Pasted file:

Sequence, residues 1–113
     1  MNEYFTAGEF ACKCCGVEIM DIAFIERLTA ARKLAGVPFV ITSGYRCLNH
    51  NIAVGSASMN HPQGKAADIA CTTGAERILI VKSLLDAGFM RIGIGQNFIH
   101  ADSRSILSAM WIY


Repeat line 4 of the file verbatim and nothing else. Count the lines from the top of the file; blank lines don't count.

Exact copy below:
   101  ADSRSILSAM WIY